Saying Anderson should not have been suspended only lends legitimacy to more anti-Islamic hatred in British politics and greater malice. But that’s not Liz Truss’s problem, because while she may be still drawing an MP’s salary, she is as checked out of actual politics as it is possible to be.

But the lowest point was still to come. Truss, a former Lord chancellor, said she “wish[ed] for a world where the Supreme Court no longer exists”. The UK is not the US: our Supreme Court is not politically appointed, and it has no written constitution upon which to draw to vastly extend its power. In the UK, parliament is sovereign.

Checks and balances are an essential part of any democracy, but Truss acts as if she doesn’t know or believe that. Her premiership was as short as it was because she ignored every safety rail that existed to prevent disaster – she fired the Treasury permanent secretary, ignored the Office for Budget Responsibility, and barely consulted the Bank of England before ploughing on with her idiotic budget.

She is still asking why she didn’t know about some of the consequences of her own actions – why wasn’t she warned? – despite surely knowing she wasn’t because she made sure no-one could warn her.

Despite her best attempts to convince us all that she’s an idiot, Liz Truss knows something about how governments work. As well as foreign secretary and international trade secretary, she has been chief secretary to the Treasury, justice secretary and lord chancellor, and environment secretary. She was in the cabinet for nine years before becoming prime minister.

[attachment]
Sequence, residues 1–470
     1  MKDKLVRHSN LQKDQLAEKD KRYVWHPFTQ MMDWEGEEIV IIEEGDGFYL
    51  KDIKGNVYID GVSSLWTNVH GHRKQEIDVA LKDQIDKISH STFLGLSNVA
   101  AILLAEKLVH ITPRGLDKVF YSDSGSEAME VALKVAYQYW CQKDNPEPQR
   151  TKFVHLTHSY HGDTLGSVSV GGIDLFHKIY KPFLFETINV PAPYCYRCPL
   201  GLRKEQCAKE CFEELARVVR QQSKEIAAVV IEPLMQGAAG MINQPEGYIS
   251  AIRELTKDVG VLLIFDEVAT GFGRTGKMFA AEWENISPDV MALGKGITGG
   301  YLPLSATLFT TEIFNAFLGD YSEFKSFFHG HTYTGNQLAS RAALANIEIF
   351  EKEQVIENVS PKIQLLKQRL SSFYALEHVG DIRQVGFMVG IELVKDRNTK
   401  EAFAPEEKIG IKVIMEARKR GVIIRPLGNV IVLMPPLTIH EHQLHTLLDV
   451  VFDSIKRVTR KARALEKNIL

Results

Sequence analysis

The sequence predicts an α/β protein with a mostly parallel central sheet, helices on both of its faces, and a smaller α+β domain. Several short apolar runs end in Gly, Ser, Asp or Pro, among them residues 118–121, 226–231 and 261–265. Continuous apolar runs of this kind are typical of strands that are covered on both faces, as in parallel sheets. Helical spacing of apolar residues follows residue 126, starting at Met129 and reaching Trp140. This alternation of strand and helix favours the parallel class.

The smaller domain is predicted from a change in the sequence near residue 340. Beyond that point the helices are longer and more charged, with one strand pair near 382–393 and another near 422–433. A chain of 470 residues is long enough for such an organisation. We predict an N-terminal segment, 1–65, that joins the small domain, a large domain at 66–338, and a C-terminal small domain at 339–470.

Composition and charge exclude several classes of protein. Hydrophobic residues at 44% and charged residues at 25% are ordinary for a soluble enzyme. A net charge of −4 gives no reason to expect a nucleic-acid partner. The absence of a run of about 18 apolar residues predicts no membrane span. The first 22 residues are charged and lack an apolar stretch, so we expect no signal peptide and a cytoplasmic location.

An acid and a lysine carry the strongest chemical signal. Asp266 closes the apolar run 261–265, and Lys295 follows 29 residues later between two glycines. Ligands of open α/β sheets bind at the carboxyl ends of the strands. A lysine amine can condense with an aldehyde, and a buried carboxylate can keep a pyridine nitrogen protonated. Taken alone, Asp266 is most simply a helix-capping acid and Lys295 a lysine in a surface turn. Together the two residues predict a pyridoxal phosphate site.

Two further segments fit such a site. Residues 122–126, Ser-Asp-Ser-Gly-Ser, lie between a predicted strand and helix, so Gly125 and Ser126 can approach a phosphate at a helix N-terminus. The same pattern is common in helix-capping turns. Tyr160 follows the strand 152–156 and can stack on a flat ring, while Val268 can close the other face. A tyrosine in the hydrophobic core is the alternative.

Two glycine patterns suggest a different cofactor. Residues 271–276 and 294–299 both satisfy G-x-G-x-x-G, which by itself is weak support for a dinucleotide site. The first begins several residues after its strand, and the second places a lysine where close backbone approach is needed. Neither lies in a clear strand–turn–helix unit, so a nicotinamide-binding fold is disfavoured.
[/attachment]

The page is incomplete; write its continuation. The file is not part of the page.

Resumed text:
As such, Truss must know on some level that what she’s saying in interviews like this one is nonsense. For all that she convinced herself it would be possible to do things faster as PM, it wasn’t. She knows government is slow, and hard, and she knows that no-one is going to scrap the Supreme Court.

Instead, she’s just self-indulgently boosting her own image with her imagined fanbase. Other serving MPs in the governing party might wonder if it would make Rishi Sunak’s life harder to be making these remarks, but such concerns are below Truss.

Truss has decided her future is best served by chasing the big bucks from the lunatic US right, and attempting to get some public appeal by leaning on the most basic kind of populist vibe – the same boring act that Sunak, Suella Braverman and Priti Patel engaged in every time they lean overly hard on “stop the boats”.

Liz Truss is the pub bore ex-PM. She’s not saying anything interesting or constructive, and she’s not trying to. She’s railing against her enemies, real and imagined, explaining why her failings aren’t her fault, and failing to notice when she’s lost the room.

Dealing with a pub bore isn’t hard: they are always best ignored. Liz Truss has no more political power, influence or future in the UK than any other pub bore. There is no need, then, for us to deal with her any differently. 

Sure, Liz, whatever. I need to get back to my table now.